It’s moments like this that make the play far more engaging than any of the musical numbers. In addition to the constant roll call of cringe-worthy lyrics, the music, save for the signature number, Le Jazz Hot, is utterly unremarkable despite the lovely effort put forth by the live orchestra. Many of the eighteen numbers drone on far too long, often to compensate for the complicated male to female costume changes required backstage.
Yet still, even with all the issues inherent in the show, one can’t help but kinda like it. The credit for this disconnect lands squarely on the shoulders of the talented cast who manage to push through the tedium and distaste and end up charming the pants off us. Sheldon as Toddy, despite his lack of accent and a voice that does well but never amazes, oozes warmth and loveliness. When he himself gets a chance at love our hearts burst with happiness for him. Sorge as Marchan strikes a sultry machismo figure that never falls down the rabbit hole of stereotype. It’s his musical number, King’s Dilemma, where he struggles with the notion that he may in fact be in love with a man, which is the standout moment in the show. Angel Reda, as King’s buxom, breathy, sexually charged and vengeful girlfriend Norma, is equally good at taking a character that is woefully over the top and taming her into a wonderfully funny role that we can’t help but feel affection for. As the starring role, Barzee navigates the androgynous thing to her advantage, cultivating a vulnerability that has us rooting for her throughout. Add in her beautiful voice and she captures us even more. My only issue with Barzee’s performance was her lack of dance ability. Cast in front of the talented chorus, it’s clear that Barzee is not at the same level.
This was made even more apparent in her two night club act scenes where Stafford keeps Victoria oddly stationary while dancers flit wildly all around her. A little more physicality in her act would have gone a long way in helping us believe that Victor was in fact the toast of the town. As it is, we have to take their word for it, but with characters will like so much, that’s a pill that isn’t too onerous to swallow.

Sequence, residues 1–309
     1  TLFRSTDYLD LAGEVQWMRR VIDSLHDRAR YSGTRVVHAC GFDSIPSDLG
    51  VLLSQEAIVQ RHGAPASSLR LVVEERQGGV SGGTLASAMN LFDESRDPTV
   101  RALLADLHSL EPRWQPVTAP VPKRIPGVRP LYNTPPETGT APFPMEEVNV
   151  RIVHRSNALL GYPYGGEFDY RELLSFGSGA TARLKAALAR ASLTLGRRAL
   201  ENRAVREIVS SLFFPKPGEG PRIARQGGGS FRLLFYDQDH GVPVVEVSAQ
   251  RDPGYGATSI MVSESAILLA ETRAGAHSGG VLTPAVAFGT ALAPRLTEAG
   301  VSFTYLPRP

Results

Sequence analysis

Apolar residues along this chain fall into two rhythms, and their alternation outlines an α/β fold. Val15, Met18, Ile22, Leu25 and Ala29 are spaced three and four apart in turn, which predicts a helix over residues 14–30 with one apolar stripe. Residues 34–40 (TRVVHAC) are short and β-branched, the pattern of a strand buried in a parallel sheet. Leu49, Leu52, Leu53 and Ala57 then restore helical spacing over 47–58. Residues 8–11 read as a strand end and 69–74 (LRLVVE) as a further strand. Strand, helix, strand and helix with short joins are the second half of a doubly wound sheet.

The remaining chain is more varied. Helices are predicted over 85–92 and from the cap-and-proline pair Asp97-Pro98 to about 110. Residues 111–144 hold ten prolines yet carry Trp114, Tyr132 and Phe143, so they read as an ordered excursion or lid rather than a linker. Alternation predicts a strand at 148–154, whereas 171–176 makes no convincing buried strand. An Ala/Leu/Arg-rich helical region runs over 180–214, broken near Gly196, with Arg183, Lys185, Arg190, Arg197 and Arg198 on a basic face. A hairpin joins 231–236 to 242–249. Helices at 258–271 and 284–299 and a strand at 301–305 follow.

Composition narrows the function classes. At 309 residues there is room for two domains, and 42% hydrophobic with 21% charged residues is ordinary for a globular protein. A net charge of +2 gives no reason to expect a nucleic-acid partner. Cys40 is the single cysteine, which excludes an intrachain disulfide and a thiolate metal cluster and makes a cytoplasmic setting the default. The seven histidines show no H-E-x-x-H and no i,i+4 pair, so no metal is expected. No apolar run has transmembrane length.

For musical fans – No one can claim this musical is top-tier in terms of music, lyrics and dancing. But thanks to a hardworking cast and a beautiful set, Victor Victoria is a fun addition to your playbook. Don’t expect to walk out wanting to buy the soundtrack or pull up YouTube clips of other performances and you’ll have a perfectly good time. SEE IT
For the occasional theatre goer – While the subject is somewhat sexual, this is gender bending light. No uncomfortable moments here. In fact the story is nothing but easy-going throughout and despite musical numbers that drag on too long (you didn’t expect me to get through this review without a drag joke, did you?) the clip is fairly fizzy. With such a sumptuous production you’ll certainly feel like you’ve got your money’s worth. SEE IT
For theatre junkies – Horrible lyrics, implausible and undercooked plot, forgettable music. Not exactly a recipe for your enjoyment. Yes the performances are great and will garner affection from you. But really, affection is not the sum total of what you are after in your theatre experience. SKIP IT